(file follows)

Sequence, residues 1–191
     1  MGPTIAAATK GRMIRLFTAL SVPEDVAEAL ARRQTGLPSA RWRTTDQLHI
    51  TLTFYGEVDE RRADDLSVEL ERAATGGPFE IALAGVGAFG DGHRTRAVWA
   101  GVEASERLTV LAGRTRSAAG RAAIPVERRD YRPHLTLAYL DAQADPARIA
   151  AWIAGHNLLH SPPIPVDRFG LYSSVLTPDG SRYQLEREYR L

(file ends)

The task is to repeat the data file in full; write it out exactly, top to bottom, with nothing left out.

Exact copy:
Sequence, residues 1–191
     1  MGPTIAAATK GRMIRLFTAL SVPEDVAEAL ARRQTGLPSA RWRTTDQLHI
    51  TLTFYGEVDE RRADDLSVEL ERAATGGPFE IALAGVGAFG DGHRTRAVWA
   101  GVEASERLTV LAGRTRSAAG RAAIPVERRD YRPHLTLAYL DAQADPARIA
   151  AWIAGHNLLH SPPIPVDRFG LYSSVLTPDG SRYQLEREYR L